The Ethical And Medical Controversy

1413 WordsMay 2, 20176 Pages
The argument regarding the selling of organs on the black market has been an ethical and medical controversy for decades. The problems that exists ethically is to be believed that putting a price on a human organ is materialistic, people may go to extremes to donate a kidney, and the fear of the spread of infections or diseases. Although the fears are natural, mostly because people have always associated the black market with a negative connotation, the ethical fears out-weigh the idea that donating a kidney can save a person’s life (Taylor, 2006). To make an accurate assumption about organs on the black market, both the positives and negatives need to be evaluated, this paper analyzes both positions regarding the issue and proposes that…show more content…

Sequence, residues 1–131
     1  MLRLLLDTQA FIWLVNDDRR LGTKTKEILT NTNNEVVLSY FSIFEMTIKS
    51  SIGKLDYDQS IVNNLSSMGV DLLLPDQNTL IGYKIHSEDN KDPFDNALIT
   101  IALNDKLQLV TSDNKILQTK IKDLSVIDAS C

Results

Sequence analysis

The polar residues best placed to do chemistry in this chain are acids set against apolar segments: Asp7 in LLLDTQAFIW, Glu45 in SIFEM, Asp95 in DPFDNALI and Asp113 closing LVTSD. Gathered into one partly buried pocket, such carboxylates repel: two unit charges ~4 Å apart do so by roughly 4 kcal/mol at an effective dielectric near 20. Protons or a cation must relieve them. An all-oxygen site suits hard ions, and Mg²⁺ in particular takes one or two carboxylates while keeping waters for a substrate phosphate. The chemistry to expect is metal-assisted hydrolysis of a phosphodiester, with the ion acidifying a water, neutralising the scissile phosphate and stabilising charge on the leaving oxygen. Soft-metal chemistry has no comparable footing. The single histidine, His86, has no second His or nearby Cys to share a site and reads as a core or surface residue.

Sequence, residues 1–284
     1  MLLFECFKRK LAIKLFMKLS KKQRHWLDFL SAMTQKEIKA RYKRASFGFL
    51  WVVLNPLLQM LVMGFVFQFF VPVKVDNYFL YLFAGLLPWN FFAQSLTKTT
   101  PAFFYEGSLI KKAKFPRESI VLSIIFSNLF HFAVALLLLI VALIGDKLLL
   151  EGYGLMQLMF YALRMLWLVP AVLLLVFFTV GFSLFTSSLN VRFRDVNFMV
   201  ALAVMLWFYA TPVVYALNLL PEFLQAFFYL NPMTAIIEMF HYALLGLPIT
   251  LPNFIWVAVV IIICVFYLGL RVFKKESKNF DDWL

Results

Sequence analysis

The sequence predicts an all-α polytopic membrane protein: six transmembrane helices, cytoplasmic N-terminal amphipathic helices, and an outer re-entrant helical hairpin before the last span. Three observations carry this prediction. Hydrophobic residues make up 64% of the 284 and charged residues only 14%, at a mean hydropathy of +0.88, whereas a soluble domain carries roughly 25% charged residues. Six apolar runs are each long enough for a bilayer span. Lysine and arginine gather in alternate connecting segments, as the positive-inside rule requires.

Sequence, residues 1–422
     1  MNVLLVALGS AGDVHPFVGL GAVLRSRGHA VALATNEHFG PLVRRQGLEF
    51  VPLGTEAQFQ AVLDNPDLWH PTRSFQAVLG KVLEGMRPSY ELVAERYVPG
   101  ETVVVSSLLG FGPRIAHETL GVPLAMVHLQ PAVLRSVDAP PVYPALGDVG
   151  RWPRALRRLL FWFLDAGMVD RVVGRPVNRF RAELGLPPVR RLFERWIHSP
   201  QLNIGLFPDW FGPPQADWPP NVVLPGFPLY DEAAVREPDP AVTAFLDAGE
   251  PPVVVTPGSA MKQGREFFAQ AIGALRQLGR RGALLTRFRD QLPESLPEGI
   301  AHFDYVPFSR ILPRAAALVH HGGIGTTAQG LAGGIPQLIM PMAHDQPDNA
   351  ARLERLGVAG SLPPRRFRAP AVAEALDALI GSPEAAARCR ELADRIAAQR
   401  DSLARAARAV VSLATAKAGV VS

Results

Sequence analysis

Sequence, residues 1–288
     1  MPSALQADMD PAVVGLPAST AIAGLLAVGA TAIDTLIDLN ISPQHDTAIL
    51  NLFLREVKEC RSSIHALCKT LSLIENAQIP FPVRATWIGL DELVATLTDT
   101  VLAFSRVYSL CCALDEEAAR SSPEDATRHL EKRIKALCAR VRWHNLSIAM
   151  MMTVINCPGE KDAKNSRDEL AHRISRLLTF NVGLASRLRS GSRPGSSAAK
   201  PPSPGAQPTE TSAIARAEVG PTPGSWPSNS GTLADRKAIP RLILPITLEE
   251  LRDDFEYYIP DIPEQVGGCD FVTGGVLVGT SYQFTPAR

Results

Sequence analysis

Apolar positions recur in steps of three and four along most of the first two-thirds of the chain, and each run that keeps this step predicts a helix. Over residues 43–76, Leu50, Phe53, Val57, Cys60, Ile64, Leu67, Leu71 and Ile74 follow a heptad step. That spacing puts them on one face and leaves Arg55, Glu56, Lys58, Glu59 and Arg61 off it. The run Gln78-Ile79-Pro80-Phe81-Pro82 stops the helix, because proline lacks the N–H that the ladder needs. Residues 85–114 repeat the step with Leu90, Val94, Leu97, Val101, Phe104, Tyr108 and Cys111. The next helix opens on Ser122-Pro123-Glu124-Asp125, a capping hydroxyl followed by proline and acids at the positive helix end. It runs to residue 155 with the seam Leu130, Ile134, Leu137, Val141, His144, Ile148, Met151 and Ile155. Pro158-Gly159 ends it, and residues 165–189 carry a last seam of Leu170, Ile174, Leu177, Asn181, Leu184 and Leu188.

Most people in the trial used the money to pay off debt or supply food for their family. Meaning selling the kidney benefitted the seller, receiver, and the country by reducing it’s national debt (Goyal et al., 2002). Another comparison made was other countries medical systems versus the United Kingdom, because the United Kingdom has a better medical system than Iran, the act of humanely extracting a patient’s kidney could easily be done without complications. One fear of legalizing organ transplant for money is the fear of desperateness would force people to do inhumane ways to get a kidney (Greasely, 2014). Comparing countries that it is legal and illegal, allows the reader to see how the benefits exceed the negatives. In the trial in India over 300 individuals donated, meaning 300 individuals received money, 300 individuals received a kidney, therefore 600 people benefitted from the legalization of kidneys for sale. This is an important topic because the amount of people waiting for a kidney on the organ transplant list continues to grow, as the supply and demand for kidney’s is significantly inverse. The more people who need kidney’s, the more kidney’s needed to supply everyone. If selling organs were legal, patients could make appointments after several screenings of tests to donate a kidney for someone in need. This would benefit everyone
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